Another area the search for peace was carried out in the NASS before the lawmakers went on vacation was the ruptured relationship between the Senate President and the Clerk of the National Assembly (CNA). Hot air was blown between the Senate President and the NASS bureaucracy when the chairman of the National Assembly Service Commission, Mallam Adamu Fika threw tantrums in cross correspondences over the appointment of a new CNA.But Saraki had in a dramatic show of accommodation accepted the appointment of Mohammed Sani Omolori as the Clerk of the National Assembly. With that, it would be expected that the relationship between the senators and the bureaucracy would set the needed culture of understanding to deliver a different National Assembly.

Matters Of Possible Urgent Attention
SENATE President Saraki has given indication that the Senate would begin plenary by hitting the gavel over deliberations on some serious national issues, particularly the economic recession. Speaking during an interactive session with journalists, Saraki disclosed that issues of the economy would occupy the business of the Red chamber, wondering why in spite of budgetary provisions,  the social well-being of Nigerians have gone under the poverty line.

It would be interesting to see how the senators would probe the economy without setting off a new round of crisis with the executive arm, particularly as it pertains to “making tough recommendations to the president on needed changes and formulating necessary legislative framework for economic recovery.”The Senate President had said: “We need to know why the promises of external borrowing have not materialised, why devaluation has not helped to strengthen the naira, why inflow of foreign currency has continued to dry up and interest rate is still very high? Doing this will help us understand where we are so that we can determine where exactly we want to go from here.”
While the senate’s intervention in the economic morass facing the country might interest Nigerians, the part that may not be so pleasant could be the aspect of recommending some ministers for sack. The senate president told his constituents that senators would upon resumption from recess recommend the removal of ministers and other appointees of the president who do not measure up in the Federal Government’s efforts to take the country away from economic recession.The other contentious and outstanding issue awaiting the lawmakers’ attention is the passage of the Petroleum Industry Bill (PIB). Chairman, Senate Committee on Information and National Orientation, Senator Aliyu Sabi Abdullahi, who attributed the delayed passage to the disagreement over the host community clause in the document, disclosed that the framework would be settled when they resume from their recess.
Senator Abdullahi stated that many experts have been urging the Senate to revisit the bill, stressing, “by the time we come back from recess that issue will get a front burner attention because it’s key to whatever changes we want to see done.” Tackling the alleged plans to raise the pump price of the premium motor spirit would also feature prominently in the early actions of the well-rested senators.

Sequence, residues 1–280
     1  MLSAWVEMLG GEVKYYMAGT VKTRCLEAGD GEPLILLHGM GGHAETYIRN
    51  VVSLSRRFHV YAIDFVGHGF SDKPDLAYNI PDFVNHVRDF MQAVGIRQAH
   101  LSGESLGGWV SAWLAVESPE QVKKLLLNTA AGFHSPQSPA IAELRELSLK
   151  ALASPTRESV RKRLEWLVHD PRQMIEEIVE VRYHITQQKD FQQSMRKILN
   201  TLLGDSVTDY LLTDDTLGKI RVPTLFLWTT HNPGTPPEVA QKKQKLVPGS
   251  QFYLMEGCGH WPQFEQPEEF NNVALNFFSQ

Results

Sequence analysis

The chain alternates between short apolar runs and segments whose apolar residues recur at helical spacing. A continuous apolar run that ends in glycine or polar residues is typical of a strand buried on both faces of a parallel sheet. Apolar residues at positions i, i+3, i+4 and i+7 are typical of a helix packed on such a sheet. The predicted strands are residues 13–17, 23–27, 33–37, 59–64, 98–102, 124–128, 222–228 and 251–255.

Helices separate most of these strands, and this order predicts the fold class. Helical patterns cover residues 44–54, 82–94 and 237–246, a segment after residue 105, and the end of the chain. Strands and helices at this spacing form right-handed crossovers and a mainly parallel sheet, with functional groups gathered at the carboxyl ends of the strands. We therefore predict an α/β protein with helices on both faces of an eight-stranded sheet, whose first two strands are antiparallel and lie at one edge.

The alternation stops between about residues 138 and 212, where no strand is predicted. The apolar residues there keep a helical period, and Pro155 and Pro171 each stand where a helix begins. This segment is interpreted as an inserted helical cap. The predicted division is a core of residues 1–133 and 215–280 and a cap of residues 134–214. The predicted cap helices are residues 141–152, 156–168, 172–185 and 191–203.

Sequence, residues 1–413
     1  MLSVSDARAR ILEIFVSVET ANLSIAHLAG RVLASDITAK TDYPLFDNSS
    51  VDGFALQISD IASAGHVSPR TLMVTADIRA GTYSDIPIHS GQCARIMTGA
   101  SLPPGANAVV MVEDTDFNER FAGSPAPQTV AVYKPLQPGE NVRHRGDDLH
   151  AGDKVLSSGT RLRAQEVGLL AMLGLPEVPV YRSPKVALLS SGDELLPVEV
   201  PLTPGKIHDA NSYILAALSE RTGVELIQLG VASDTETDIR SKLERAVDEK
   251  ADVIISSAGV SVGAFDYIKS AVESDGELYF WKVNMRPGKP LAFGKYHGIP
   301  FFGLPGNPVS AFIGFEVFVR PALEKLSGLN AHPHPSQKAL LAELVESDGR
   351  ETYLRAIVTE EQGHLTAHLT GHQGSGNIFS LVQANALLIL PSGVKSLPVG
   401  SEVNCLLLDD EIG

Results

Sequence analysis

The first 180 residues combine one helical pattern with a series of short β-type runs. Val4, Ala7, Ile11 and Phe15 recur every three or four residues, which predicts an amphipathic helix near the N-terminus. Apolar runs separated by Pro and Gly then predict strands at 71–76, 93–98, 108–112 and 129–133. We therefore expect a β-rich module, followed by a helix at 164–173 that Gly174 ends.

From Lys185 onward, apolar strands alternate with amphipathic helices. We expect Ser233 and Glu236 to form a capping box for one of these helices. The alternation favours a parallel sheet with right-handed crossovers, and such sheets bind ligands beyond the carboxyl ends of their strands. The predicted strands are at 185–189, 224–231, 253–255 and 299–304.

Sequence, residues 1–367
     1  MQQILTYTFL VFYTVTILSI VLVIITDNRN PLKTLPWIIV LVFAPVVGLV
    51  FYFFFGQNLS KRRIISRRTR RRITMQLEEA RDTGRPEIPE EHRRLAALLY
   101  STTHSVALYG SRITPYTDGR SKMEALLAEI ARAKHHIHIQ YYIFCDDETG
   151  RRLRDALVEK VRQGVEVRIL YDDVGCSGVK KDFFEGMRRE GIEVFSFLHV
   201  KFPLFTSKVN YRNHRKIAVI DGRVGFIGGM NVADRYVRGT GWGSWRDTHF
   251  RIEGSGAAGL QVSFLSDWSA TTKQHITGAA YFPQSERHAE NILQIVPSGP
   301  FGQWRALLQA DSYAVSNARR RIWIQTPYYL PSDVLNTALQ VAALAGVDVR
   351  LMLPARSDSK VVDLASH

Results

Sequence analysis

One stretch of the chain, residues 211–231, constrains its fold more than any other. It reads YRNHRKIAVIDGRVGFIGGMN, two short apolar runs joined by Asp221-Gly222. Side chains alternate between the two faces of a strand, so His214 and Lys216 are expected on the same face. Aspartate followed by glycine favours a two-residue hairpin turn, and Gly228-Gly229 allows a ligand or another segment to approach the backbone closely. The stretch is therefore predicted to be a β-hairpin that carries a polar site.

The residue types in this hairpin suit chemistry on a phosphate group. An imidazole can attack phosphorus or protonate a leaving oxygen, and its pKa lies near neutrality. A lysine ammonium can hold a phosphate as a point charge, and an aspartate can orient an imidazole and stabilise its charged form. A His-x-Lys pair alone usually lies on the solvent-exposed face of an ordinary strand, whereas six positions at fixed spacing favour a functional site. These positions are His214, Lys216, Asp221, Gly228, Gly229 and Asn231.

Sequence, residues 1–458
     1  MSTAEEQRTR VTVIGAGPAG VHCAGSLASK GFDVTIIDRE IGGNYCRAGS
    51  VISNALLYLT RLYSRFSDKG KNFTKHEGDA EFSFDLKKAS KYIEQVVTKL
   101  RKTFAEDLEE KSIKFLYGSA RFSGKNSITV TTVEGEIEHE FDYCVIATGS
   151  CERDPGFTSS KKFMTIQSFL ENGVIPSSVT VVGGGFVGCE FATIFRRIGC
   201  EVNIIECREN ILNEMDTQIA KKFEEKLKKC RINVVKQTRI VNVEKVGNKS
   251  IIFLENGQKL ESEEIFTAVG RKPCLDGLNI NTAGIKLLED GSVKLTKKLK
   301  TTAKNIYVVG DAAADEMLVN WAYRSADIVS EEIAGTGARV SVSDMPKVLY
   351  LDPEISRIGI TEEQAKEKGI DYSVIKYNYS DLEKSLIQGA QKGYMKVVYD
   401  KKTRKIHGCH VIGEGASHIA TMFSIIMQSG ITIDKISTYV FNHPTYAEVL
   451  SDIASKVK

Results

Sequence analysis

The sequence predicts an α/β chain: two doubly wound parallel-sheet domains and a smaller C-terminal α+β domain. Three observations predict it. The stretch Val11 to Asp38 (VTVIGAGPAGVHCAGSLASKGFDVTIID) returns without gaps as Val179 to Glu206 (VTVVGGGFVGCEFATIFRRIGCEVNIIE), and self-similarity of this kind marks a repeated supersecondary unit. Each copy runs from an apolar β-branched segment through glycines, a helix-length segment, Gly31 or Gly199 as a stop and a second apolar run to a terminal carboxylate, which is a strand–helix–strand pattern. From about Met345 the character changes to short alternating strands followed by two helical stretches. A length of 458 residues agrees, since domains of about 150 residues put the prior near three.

Green Chamber And Budget Hangover
THE setting may not be too welcoming for the members of the House of Representatives. Speaker Yakubu Dogara would need more than his knowledge of law and legislation to drive the proceedings in the Green Chamber away from troubled waters.Without doubt, the lawmakers may revisit the padding tantrums of its former chairman of Appropriation Committee, Hon. Abdulmumin Jibrin. Cleaning its image soiled by the errant member would dominate the early days of plenary in lower chamber.

Although the allegations of budget padding looks much like the trial of Senate President and the deputy for forgery, the House of Representatives may likely attempt to suspend Jibrin from plenary in the guise of looking into his many acts of legislative rascality. But that action could also heat up the Green Chamber further and distract it from the urgent business of collaborating with the Red Chamber to bring about the legislative framework to better the living conditions of Nigerians.
However, while the hoopla over the budget padding wanes, the Medium Term Expenditure Framework, which the lawmakers received, would supervene to make them take a serious posture.It is not likely that a change of leadership in the House of Representatives would be contemplated, but there are indications that the environment in the Green Chamber would be charged within the first few days of their resumption.Whatever happens, all eyes would be on the National Assembly, particularly the veiled attempt to render the legislature redundant. That is one area where the much talked about executive bill on economic emergency, would task the lawmakers.
As the lawmakers return from their recess, they should note that Nigerians’ estimation of their relevance have gone so low. That knowledge would rouse them to better behaviour and openness, especially in the face of an aloof executive arm that seems held down by the non-cooperative attitude of the legislators.